Dallas VideoFest’s AltFiction Winners and Next Season’s $10K Grant

VideoFest calls itself the oldest and largest video festival in the U.S. Its AltFiction Fest celebrates filmmakers who create movies, television shows, and web content.

Dallas VideoFest wrapped up its 31st season last month with the Alternative Fiction Fest—nicknamed AltFiction—and a major grant for the upcoming season.

“Who can even define what the idea of television is anymore with networks along with the gamut of streaming services and those streaming services’ content being nominated for Oscars?”
Bart Weiss

AltFiction Fest doesn’t discriminate when it comes to storytelling. Whether the entries are made for large screens or small, all is welcome at this annual event. 

“Filmmakers are making TV; TV shows become feature films. Who can even define what the idea of television is anymore with networks along with the gamut of streaming services and those streaming services’ content being nominated for Oscars?,” Bart Weiss, Dallas Videofest’s founder and artistic director, said in a statement.

Among this year’s AltFiction themes were North Texas filmmakers, films created locally, female filmmakers from the earliest days of cinema, and Black History Month.

This year’s winners included:

  • “Tucked” directed by Jamie Patterson for the Audience Award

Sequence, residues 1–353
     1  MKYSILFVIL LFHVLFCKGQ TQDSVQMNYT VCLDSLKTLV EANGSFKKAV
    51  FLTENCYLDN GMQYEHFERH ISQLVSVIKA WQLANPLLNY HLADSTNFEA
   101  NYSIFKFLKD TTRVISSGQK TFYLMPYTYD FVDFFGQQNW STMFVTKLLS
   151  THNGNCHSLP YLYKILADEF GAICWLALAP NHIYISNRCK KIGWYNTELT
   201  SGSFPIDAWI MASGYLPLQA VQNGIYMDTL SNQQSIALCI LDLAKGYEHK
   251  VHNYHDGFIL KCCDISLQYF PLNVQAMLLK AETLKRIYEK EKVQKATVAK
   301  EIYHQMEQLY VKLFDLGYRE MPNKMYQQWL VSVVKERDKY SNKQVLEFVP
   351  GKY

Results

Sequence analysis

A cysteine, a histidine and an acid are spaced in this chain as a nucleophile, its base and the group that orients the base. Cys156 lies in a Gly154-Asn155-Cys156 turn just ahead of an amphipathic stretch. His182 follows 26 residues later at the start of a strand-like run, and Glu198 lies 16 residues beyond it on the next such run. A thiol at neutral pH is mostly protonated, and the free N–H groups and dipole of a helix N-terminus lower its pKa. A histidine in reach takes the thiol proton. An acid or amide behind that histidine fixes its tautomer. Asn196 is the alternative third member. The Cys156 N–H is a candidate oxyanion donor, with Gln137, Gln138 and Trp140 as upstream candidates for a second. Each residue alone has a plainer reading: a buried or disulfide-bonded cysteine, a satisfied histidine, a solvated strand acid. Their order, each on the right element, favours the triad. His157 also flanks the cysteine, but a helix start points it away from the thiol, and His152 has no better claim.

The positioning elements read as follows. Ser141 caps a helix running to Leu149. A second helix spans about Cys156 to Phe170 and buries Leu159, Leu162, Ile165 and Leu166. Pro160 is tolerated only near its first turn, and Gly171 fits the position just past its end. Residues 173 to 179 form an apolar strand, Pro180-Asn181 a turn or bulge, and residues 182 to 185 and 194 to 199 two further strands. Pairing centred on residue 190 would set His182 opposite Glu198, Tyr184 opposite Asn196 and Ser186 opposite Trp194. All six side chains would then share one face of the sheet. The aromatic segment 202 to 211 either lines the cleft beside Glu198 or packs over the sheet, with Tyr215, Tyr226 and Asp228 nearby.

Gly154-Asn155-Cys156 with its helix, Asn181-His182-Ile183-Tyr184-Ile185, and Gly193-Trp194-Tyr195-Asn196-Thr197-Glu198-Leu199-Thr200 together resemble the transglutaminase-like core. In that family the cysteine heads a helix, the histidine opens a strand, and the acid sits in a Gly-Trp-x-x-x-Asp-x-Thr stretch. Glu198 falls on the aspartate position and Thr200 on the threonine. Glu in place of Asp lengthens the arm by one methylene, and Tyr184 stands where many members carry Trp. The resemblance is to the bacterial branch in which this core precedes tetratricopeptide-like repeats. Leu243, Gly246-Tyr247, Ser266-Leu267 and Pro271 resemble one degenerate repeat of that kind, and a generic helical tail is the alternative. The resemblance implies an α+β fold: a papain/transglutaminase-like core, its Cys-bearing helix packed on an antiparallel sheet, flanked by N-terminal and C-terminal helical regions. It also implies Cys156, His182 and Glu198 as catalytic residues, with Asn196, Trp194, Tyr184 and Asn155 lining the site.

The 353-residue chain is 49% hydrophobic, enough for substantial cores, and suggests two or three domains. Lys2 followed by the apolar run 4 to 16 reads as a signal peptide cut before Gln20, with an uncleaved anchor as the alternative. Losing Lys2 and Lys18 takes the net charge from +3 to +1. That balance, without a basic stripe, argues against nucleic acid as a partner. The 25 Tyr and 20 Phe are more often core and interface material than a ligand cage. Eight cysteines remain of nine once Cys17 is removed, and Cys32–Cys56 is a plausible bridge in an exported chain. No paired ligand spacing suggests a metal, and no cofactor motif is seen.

• “Space Flower” directed by Pam Covington for the Short Narrative Film Award
  • “Tempestad” directed by Daniel Garcia for the Best Texas Short Film Award

 

The Big D Mobile Phone Film Fest also concluded with its festival of short films shot with mobile devices. The “Fest inside of VideoFest” gave its Best in Show Award to “Promise” directed by Ivan Sosnin.

Although VideoFest is just wrapping up this season’s final series of films, the following season is already off to an exciting start with a $10,000 grant from the National Endowment for the Arts. 

The grant comes from the NEA’s principal grant-making program, “Art Works.” Dallas VideoFest was selected as one of the 972 grants out of 1,605 total applications.

“The opportunities, which the receipt of the NEA grant will provide in expanding the outreach of VideoFest 32 to the community and serve our mission, are much valued and appreciated,” Jeff Leuschel, board president of the Video Association of Dallas and the Dallas VideoFest, said in a statement.

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